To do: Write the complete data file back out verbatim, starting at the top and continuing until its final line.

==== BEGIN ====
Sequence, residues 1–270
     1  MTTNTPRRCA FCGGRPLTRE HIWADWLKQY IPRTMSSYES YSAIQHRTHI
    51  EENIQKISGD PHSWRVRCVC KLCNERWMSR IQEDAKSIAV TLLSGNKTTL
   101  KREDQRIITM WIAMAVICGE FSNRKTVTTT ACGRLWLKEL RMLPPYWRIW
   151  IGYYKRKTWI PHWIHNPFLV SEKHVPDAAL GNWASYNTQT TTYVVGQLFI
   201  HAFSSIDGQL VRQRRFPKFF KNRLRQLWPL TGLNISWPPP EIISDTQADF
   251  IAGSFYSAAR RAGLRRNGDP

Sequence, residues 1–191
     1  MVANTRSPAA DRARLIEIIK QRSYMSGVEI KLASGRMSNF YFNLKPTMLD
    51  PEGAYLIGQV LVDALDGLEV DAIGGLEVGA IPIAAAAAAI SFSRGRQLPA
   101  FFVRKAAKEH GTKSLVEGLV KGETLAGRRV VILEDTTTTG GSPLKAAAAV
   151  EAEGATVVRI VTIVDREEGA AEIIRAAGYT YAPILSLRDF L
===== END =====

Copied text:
Sequence, residues 1–270
     1  MTTNTPRRCA FCGGRPLTRE HIWADWLKQY IPRTMSSYES YSAIQHRTHI
    51  EENIQKISGD PHSWRVRCVC KLCNERWMSR IQEDAKSIAV TLLSGNKTTL
   101  KREDQRIITM WIAMAVICGE FSNRKTVTTT ACGRLWLKEL RMLPPYWRIW
   151  IGYYKRKTWI PHWIHNPFLV SEKHVPDAAL GNWASYNTQT TTYVVGQLFI
   201  HAFSSIDGQL VRQRRFPKFF KNRLRQLWPL TGLNISWPPP EIISDTQADF
   251  IAGSFYSAAR RAGLRRNGDP

Sequence, residues 1–191
     1  MVANTRSPAA DRARLIEIIK QRSYMSGVEI KLASGRMSNF YFNLKPTMLD
    51  PEGAYLIGQV LVDALDGLEV DAIGGLEVGA IPIAAAAAAI SFSRGRQLPA
   101  FFVRKAAKEH GTKSLVEGLV KGETLAGRRV VILEDTTTTG GSPLKAAAAV
   151  EAEGATVVRI VTIVDREEGA AEIIRAAGYT YAPILSLRDF L